The Collaborative International Dictionary of English v.0.48:
Tax \Tax\, n. [F. taxe, fr. taxer to tax, L. taxare to touch,
sharply, to feel, handle, to censure, value, estimate, fr.
tangere, tactum, to touch. See Tangent, and cf. Task,
1. A charge, especially a pecuniary burden which is imposed
by authority. Specifically:
(a) A charge or burden laid upon persons or property for
the support of a government.
A farmer of taxes is, of all creditors,
proverbially the most rapacious. --Macaulay.
(b) Especially, the sum laid upon specific things, as upon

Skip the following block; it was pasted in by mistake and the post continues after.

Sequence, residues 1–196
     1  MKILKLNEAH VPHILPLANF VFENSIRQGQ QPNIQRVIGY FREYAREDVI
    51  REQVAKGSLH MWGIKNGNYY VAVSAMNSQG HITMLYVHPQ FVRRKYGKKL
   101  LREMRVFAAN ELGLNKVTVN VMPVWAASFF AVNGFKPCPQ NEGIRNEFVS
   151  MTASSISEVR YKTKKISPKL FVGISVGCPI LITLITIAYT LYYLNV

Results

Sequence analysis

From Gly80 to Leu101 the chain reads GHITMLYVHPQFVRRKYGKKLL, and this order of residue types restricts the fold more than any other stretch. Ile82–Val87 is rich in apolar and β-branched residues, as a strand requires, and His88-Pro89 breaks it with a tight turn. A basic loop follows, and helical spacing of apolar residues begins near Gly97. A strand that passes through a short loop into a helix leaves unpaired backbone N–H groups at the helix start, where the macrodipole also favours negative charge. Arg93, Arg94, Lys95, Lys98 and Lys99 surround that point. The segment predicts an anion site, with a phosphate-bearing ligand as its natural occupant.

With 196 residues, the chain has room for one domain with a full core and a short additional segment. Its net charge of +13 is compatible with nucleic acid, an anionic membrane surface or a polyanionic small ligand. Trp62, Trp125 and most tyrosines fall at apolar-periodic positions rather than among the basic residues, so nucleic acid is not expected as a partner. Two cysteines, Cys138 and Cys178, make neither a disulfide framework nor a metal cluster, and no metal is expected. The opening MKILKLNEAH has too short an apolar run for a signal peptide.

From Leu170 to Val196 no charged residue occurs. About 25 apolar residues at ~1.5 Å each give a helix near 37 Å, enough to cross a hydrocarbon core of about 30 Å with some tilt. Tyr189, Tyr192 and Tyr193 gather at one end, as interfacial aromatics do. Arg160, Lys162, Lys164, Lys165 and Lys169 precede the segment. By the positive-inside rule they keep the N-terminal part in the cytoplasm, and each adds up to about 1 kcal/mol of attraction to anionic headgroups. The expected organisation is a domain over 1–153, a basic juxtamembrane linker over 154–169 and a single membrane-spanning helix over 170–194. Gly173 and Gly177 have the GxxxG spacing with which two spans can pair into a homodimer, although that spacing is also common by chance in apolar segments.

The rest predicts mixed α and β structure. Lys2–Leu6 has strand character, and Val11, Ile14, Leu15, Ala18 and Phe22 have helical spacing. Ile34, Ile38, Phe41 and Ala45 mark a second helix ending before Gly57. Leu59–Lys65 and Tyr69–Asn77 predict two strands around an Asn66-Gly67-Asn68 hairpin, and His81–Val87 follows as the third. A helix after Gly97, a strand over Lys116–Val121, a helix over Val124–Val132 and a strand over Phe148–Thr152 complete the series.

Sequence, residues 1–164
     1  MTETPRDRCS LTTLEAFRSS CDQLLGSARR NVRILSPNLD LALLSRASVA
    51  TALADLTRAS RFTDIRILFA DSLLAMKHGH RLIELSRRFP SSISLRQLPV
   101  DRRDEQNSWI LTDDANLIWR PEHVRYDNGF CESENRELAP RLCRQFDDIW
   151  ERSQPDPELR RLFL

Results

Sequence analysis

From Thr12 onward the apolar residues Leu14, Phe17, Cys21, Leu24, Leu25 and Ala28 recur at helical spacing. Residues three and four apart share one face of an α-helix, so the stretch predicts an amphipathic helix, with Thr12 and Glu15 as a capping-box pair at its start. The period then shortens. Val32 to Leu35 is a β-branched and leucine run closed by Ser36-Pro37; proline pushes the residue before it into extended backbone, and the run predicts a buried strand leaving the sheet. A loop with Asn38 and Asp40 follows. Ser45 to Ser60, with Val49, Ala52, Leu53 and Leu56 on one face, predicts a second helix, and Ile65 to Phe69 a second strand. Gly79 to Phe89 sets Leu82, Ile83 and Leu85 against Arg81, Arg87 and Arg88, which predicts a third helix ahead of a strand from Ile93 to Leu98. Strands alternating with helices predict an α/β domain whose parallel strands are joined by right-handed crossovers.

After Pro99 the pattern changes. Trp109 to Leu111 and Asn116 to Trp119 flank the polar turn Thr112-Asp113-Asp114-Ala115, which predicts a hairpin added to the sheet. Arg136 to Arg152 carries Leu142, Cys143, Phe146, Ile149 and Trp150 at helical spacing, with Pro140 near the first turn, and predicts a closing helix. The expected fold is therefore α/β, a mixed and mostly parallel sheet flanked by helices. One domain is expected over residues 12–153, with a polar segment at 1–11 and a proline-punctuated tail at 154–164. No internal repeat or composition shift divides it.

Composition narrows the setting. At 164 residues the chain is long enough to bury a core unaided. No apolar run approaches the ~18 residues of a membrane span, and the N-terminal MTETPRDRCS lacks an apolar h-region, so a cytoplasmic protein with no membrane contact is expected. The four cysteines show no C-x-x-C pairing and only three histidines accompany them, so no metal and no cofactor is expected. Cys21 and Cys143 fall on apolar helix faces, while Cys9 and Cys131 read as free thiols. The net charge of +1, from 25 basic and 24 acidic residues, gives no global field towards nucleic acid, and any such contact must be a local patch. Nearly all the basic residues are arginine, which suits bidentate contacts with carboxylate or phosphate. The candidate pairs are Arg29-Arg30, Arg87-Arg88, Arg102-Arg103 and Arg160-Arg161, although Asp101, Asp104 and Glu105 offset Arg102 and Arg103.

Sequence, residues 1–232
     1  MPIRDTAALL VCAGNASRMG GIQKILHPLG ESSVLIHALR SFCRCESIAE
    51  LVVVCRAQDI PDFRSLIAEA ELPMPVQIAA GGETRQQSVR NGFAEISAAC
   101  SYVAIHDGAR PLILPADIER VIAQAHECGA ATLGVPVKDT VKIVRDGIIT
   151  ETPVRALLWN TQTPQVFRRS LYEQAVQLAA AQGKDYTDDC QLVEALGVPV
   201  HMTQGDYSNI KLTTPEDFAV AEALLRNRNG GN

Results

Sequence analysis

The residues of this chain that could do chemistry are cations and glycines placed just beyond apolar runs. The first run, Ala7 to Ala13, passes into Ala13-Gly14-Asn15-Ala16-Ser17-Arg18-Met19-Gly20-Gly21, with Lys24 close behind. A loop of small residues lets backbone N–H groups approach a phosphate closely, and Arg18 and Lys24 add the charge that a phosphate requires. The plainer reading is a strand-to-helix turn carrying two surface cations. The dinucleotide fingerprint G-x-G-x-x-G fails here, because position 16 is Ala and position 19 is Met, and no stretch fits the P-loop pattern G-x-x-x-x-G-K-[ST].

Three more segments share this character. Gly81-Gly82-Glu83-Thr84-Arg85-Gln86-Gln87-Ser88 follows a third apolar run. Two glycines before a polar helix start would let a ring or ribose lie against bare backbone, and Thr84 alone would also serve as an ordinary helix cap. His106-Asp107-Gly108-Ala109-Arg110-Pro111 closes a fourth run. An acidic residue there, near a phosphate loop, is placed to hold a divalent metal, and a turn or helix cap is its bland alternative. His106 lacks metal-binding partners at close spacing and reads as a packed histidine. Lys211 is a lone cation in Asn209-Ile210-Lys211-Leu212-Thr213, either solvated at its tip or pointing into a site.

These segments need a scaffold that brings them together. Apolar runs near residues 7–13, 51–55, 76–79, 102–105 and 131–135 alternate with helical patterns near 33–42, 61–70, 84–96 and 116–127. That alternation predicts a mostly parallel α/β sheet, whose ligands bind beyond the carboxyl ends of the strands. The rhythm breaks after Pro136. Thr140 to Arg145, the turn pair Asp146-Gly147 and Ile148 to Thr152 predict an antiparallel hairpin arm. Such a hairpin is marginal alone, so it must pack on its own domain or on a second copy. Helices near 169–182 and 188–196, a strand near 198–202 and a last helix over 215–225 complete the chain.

polls, lands, houses, income, etc.; as, a land tax; a
window tax; a tax on carriages, and the like.
Note: Taxes are annual or perpetual, direct or
(c) A sum imposed or levied upon the members of a society
to defray its expenses.
2. A task exacted from one who is under control; a
contribution or service, the rendering of which is imposed
upon a subject.
3. A disagreeable or burdensome duty or charge; as, a heavy
tax on time or health.
4. Charge; censure. [Obs.] --Clarendon.
5. A lesson to be learned; a task. [Obs.] --Johnson.
Tax cart, a spring cart subject to a low tax. [Eng.]
Syn: Impost; tribute; contribution; duty; toll; rate;
assessment; exaction; custom; demand.